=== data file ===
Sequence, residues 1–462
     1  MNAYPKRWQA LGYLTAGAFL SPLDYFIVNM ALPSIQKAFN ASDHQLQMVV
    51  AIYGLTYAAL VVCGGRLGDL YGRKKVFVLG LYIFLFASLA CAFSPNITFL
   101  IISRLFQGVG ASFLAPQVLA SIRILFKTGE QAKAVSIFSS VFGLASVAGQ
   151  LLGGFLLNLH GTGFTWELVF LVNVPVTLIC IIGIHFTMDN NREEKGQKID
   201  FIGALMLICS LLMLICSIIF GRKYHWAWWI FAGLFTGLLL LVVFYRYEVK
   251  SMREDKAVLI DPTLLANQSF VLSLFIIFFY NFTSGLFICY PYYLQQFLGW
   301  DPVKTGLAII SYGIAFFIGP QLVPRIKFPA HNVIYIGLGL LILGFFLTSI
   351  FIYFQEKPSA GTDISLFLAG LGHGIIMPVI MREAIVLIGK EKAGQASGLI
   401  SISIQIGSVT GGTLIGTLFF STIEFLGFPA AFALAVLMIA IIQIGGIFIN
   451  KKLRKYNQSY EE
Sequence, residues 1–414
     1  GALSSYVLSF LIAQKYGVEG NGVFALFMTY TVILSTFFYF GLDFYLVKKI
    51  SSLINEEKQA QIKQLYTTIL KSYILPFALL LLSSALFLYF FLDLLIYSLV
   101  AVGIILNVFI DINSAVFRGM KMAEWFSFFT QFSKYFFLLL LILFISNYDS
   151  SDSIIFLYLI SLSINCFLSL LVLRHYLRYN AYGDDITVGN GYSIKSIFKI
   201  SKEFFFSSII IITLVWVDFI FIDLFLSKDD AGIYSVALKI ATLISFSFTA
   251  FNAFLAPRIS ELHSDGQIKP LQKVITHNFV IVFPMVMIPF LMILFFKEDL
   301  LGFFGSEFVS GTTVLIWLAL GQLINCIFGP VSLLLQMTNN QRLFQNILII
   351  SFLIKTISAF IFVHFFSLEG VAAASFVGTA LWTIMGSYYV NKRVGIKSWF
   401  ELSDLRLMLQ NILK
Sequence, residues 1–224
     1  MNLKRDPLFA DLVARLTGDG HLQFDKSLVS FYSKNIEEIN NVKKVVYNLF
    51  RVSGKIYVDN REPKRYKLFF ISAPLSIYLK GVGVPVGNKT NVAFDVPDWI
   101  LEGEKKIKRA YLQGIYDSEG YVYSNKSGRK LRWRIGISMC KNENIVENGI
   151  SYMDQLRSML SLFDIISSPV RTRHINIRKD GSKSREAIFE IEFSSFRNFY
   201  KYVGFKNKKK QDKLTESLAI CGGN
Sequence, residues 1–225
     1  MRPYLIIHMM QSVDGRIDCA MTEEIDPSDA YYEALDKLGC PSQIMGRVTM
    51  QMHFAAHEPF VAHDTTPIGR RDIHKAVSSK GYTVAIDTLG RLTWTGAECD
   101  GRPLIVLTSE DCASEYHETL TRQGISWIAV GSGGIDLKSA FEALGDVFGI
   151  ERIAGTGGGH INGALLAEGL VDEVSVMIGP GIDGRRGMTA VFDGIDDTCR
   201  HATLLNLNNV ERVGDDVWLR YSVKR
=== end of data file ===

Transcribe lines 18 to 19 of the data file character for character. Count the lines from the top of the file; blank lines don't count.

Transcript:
   251  FNAFLAPRIS ELHSDGQIKP LQKVITHNFV IVFPMVMIPF LMILFFKEDL
   301  LGFFGSEFVS GTTVLIWLAL GQLINCIFGP VSLLLQMTNN QRLFQNILII